Historical Social Research

42.3 - Critique & Social Change / Community Transformation

HSR Special Issue
Critique and Social Change: Historical, Cultural, and Institutional Perspectives (ed. Thomas Kern, Thomas Laux & Insa Pruisken)

How does critique change society? What are the conditions for critique to emerge? These questions are the core of recent socio-logical debates. This HSR Special Issue seeks to contribute to the sociology of critique by empirically studying the historical, cultural, and institutional conditions of critique and social change. For this purpose, critique is approached in two ways: as an outcome of social change, on the one hand, and as a cause or condition for social change, on the other hand. The contributions include a broad range of empirical case studies that examine the articulation of critique and its consequences from different perspectives. They deal with topical debates on organ donation, the justification of social inequality, neoliberalism, new public management, various protest movements (Occupy Wall Street, the democratic movement in South Korea, the environmental movement in Italy, the commune movement in the United States), the transformation of institutional logics in the field of academic science, the role of public media debates during the banking crisis of 2008 and the influence of intellectuals on the critique of clientelism in Ireland.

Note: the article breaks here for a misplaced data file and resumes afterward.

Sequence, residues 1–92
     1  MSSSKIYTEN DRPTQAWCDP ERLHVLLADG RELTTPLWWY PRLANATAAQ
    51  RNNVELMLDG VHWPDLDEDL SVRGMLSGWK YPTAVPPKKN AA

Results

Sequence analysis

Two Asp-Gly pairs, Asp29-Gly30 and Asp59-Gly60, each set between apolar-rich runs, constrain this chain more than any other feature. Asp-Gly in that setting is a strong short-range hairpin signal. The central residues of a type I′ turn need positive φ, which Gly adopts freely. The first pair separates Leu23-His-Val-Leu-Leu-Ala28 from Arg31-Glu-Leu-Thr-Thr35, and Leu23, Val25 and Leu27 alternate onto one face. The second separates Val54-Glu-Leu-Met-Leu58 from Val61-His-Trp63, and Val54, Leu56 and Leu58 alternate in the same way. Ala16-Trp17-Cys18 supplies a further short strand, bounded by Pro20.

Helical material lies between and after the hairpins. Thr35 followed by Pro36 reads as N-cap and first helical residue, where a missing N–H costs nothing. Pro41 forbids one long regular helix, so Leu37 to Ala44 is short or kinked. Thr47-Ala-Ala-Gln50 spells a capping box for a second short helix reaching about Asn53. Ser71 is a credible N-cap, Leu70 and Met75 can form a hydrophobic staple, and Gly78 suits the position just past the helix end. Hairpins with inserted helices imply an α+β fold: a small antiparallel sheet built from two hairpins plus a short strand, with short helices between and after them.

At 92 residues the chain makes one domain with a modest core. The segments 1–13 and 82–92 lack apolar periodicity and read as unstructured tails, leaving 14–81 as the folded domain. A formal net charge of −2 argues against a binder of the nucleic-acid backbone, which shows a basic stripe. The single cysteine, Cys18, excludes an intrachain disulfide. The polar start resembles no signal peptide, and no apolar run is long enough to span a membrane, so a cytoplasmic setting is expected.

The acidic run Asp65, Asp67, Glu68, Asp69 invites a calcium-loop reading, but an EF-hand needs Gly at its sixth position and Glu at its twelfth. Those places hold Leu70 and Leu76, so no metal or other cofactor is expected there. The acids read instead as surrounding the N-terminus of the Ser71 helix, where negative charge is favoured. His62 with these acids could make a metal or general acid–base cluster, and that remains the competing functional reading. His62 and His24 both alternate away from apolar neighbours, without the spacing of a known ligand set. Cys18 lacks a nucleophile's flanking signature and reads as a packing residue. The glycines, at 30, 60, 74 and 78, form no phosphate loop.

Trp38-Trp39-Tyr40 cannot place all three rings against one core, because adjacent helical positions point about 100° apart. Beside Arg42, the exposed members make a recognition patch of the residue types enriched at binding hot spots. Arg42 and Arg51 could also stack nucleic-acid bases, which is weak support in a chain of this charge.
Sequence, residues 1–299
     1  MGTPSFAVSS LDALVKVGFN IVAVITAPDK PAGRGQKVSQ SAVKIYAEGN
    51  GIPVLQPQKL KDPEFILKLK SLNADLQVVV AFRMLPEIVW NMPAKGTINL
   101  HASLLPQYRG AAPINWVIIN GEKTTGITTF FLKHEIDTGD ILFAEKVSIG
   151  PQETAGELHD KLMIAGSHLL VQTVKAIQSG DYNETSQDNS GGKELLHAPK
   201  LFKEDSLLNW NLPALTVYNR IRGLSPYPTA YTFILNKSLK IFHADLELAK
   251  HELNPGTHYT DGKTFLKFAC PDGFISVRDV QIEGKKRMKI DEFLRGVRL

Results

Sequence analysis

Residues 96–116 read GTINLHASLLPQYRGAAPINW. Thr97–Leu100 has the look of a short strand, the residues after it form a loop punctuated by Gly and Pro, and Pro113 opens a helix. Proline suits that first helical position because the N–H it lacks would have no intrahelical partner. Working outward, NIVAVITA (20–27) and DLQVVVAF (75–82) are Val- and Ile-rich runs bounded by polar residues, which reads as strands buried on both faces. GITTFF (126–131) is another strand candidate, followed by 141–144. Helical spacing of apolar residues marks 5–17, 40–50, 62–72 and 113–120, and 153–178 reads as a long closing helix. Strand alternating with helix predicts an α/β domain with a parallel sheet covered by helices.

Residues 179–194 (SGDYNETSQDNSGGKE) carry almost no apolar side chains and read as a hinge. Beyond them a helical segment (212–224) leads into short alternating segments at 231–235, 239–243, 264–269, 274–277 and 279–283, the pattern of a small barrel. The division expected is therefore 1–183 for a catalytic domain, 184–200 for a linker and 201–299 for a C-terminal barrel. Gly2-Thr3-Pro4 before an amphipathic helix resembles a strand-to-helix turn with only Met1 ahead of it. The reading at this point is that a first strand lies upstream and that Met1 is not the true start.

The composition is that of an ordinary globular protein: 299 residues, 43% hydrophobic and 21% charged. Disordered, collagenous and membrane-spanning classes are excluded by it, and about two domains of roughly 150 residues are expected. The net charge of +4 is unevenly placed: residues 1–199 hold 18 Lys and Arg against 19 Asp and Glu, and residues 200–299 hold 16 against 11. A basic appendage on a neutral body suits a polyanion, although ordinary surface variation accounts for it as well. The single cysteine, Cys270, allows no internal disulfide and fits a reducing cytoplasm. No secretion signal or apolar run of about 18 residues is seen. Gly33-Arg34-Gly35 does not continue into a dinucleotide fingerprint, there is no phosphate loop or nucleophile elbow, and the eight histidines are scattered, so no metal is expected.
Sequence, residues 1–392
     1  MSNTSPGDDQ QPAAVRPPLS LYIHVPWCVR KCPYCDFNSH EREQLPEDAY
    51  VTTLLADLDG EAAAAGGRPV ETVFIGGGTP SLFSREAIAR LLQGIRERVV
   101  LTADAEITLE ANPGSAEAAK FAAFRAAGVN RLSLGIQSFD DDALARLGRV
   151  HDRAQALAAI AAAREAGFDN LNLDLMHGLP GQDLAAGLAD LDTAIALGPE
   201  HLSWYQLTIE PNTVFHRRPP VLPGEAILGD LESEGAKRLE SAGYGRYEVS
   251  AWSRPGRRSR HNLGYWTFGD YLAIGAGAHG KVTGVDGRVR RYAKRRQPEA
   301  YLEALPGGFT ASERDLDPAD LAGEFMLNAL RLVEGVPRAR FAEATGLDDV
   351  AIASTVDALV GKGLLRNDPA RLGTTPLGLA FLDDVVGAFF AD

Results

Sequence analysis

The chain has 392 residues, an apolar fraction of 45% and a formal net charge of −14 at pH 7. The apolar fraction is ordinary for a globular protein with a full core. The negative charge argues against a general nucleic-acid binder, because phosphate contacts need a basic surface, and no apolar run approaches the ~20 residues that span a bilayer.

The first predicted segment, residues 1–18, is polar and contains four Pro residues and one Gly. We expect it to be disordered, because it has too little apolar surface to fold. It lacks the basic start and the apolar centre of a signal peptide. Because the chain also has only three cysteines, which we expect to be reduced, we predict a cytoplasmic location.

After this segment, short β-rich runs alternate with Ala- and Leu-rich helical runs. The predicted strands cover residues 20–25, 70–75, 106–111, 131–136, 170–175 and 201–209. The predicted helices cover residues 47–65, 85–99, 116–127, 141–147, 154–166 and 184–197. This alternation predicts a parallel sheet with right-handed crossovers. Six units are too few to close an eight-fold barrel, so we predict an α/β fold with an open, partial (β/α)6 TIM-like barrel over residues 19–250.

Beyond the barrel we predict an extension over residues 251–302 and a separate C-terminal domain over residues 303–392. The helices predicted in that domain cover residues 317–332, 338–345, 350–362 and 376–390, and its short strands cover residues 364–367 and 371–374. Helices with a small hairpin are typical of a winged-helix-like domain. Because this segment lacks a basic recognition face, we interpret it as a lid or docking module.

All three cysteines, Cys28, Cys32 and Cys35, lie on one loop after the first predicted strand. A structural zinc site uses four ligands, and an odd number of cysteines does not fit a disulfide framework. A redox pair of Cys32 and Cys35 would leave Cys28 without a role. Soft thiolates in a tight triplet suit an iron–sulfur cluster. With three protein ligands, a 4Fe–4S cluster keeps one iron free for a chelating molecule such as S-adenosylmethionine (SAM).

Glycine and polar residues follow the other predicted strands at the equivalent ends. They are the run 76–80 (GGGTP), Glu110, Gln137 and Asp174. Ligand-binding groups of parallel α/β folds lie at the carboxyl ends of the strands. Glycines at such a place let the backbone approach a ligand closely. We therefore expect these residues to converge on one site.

HSR Forum 
Community Transformation in Asian Societies. Selected Case Studies (ed. Fumyia Onaka)

Communities in Asian societies are no longer hidden chambers of secrets, but wide and open halls heralding the future and the past of the changing world. This HSR Forum attempts to transmit this message by describing communities’ responses to labor migration, natural disaster, and non-elite movements. It illustrates the subjective and objective well-being of Thai migrant workers, the occupational prestige of Thai labor brokers, and the collective foreign worker policies agreements between employers and trade unions in Malaysia. It considers decision-making on implementation of mutual aid between local governments during the Great East Japan Earthquake. It discusses the possibilities of “grassroots”-type civil societies in Northeast Thailand, and the incessant upward mobility of Thai non-elite labor brokers. All articles are based on process-oriented methodology, characterized by a combined use of research-elicited and process-produced data.